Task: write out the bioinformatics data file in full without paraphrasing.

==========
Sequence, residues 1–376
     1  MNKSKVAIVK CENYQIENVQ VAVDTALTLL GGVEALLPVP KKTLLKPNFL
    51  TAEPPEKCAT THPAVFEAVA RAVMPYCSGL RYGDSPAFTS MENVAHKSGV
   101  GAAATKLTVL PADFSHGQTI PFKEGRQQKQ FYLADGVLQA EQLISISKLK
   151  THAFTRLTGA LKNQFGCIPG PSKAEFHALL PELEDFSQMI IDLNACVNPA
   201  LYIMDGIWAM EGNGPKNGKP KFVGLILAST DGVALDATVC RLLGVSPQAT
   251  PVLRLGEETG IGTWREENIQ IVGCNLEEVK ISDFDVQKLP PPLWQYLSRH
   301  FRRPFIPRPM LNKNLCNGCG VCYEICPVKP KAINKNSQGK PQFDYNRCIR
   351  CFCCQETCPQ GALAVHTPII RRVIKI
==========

Sequence, residues 1–376
     1  MNKSKVAIVK CENYQIENVQ VAVDTALTLL GGVEALLPVP KKTLLKPNFL
    51  TAEPPEKCAT THPAVFEAVA RAVMPYCSGL RYGDSPAFTS MENVAHKSGV
   101  GAAATKLTVL PADFSHGQTI PFKEGRQQKQ FYLADGVLQA EQLISISKLK
   151  THAFTRLTGA LKNQFGCIPG PSKAEFHALL PELEDFSQMI IDLNACVNPA
   201  LYIMDGIWAM EGNGPKNGKP KFVGLILAST DGVALDATVC RLLGVSPQAT
   251  PVLRLGEETG IGTWREENIQ IVGCNLEEVK ISDFDVQKLP PPLWQYLSRH
   301  FRRPFIPRPM LNKNLCNGCG VCYEICPVKP KAINKNSQGK PQFDYNRCIR
   351  CFCCQETCPQ GALAVHTPII RRVIKI